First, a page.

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Weakening of Triennial Oscillation of the Indian Summer Monsoon Rainfall (at 1° × 1° Gridded Scale) Under Future Global Warming
, Sarita Azad
Published in
Volume: 6
Issue: 7
Pages: 1262 - 1272
India's agriculture is a significant component of the Gross National Product and is largely dependent on the Indian summer monsoon. This makes an accurate prediction of rainfall a key factor in improving agricultural production. A statistical cycle, widely known to have a strong 2.85-year period and will therefore be called a triennial oscillation here, plays a vital role in such predictions. In the present work, we examine the spatial distribution of this short-period oscillation at 1° × 1° (lat./long.) resolution using 1,260-month data (1901–2005). A power spectral analysis of the observed data set shows that the statistically significant triennial oscillation (at 95{\%} confidence level) is present over 54{\%} of the total number of 354 grids across India, which covers 69.03{\%} area. Projections of selected data from models used in Coupled-Model Inter-comparison Project Phase 5 predict weakening of this oscillation (in amplitude) by 2100. The projections indicate reduced confidence levels of this oscillation at 80{\%}, 85{\%} and 90{\%}, respectively, in 3{\%}, 20{\%} and 62{\%} of the selected 54{\%} grids, which covers 41.3{\%} area. A weakened triennial monsoon cycle will have a severe impact on agriculture and water resource management, particularly over the southwest-coastal, northern and northeast-central parts of India.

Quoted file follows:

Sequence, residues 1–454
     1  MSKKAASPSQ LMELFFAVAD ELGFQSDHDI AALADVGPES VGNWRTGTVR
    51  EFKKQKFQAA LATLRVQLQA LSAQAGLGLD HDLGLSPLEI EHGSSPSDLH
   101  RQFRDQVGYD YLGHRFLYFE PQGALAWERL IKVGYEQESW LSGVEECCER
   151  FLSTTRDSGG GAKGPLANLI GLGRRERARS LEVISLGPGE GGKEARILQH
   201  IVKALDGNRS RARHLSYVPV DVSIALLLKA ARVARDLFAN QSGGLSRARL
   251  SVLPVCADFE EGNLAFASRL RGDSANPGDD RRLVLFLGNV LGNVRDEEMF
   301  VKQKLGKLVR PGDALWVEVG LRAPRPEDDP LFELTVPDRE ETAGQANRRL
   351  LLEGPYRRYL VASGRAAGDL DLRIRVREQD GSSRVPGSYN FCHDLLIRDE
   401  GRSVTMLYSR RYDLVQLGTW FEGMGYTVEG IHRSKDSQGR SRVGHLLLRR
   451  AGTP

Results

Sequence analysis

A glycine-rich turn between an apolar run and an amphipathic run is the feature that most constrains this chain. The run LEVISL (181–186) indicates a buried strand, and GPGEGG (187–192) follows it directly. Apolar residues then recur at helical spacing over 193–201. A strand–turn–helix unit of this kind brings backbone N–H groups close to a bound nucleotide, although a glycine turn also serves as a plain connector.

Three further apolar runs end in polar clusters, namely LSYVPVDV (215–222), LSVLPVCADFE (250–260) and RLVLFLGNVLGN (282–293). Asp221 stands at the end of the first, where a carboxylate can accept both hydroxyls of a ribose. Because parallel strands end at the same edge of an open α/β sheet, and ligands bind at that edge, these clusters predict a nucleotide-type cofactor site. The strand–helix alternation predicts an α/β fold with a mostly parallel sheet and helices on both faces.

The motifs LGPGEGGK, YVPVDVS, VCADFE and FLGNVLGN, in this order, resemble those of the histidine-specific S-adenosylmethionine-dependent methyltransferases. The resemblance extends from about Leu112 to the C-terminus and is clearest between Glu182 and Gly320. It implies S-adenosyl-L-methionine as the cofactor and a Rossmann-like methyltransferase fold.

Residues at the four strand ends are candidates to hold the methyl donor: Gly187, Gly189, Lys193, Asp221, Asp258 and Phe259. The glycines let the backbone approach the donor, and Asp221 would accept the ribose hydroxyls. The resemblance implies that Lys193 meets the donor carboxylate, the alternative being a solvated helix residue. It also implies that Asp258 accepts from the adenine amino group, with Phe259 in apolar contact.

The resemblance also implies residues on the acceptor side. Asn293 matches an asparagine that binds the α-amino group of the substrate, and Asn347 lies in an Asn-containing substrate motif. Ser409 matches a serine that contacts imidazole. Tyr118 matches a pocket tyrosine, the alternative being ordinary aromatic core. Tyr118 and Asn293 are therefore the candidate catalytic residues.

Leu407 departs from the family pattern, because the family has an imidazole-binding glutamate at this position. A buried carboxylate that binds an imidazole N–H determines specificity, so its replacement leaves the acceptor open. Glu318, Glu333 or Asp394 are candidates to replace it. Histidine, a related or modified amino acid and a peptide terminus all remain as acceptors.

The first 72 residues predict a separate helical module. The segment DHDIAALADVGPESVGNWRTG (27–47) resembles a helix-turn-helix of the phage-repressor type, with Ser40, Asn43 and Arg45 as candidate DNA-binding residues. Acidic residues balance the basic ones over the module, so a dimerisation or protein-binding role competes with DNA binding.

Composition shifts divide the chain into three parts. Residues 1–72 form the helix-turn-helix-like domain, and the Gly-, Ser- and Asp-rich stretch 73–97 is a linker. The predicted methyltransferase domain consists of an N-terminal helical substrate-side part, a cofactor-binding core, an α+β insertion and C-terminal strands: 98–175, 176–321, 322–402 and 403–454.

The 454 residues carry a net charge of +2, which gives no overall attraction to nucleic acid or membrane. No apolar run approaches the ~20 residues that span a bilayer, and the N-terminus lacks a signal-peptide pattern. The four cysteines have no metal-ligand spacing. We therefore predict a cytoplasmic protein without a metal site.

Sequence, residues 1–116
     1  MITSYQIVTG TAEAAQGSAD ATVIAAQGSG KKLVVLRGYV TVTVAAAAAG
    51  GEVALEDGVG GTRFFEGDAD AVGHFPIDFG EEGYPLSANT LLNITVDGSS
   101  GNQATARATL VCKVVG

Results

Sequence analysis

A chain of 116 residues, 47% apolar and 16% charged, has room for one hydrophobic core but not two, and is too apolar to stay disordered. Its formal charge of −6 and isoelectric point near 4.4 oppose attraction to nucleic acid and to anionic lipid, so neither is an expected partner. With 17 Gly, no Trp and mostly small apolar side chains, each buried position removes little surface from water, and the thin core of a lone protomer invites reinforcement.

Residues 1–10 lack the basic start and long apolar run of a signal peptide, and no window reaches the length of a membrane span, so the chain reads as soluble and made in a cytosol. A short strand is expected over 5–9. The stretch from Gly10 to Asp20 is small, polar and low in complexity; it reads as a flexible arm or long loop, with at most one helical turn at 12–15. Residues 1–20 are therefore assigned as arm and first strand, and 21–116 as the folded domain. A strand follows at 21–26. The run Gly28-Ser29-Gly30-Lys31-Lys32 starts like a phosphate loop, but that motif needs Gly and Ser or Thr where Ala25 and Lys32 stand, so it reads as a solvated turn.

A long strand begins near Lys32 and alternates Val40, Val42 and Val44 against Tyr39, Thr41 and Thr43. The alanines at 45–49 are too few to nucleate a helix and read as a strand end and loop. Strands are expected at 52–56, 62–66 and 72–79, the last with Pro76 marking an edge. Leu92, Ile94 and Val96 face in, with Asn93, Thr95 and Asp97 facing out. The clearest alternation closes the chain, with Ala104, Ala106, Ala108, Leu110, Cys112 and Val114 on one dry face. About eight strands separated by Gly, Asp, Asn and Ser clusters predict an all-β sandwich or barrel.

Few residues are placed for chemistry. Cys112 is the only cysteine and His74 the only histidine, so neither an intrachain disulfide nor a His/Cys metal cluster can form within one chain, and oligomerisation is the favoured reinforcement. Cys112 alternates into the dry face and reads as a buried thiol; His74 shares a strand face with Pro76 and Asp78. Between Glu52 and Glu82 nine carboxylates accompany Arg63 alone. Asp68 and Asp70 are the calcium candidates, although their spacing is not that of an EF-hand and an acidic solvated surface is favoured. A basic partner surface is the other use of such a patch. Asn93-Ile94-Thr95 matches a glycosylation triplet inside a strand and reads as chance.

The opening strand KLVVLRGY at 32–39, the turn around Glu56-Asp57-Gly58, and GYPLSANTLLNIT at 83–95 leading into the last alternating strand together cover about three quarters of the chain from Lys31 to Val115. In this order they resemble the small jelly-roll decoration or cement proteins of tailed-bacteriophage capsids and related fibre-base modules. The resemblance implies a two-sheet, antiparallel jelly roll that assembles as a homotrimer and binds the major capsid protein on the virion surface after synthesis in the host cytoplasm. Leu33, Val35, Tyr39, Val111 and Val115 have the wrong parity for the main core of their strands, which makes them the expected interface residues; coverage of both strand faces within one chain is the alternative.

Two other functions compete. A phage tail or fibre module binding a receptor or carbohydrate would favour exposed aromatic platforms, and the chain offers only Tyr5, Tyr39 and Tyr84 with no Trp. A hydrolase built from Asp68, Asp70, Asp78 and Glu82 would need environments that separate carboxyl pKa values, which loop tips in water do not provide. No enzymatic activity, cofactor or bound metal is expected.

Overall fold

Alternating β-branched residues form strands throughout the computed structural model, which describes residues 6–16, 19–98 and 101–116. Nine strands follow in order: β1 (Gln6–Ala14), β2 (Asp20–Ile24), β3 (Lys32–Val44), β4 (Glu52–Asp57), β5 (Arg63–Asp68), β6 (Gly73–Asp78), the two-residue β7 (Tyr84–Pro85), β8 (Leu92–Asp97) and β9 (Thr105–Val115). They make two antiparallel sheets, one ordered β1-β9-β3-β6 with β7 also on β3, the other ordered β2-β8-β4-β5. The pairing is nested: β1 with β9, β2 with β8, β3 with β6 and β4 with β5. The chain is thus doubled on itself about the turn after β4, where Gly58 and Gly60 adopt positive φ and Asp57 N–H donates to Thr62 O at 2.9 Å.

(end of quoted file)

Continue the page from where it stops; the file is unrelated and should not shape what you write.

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JournalEarth and Space Science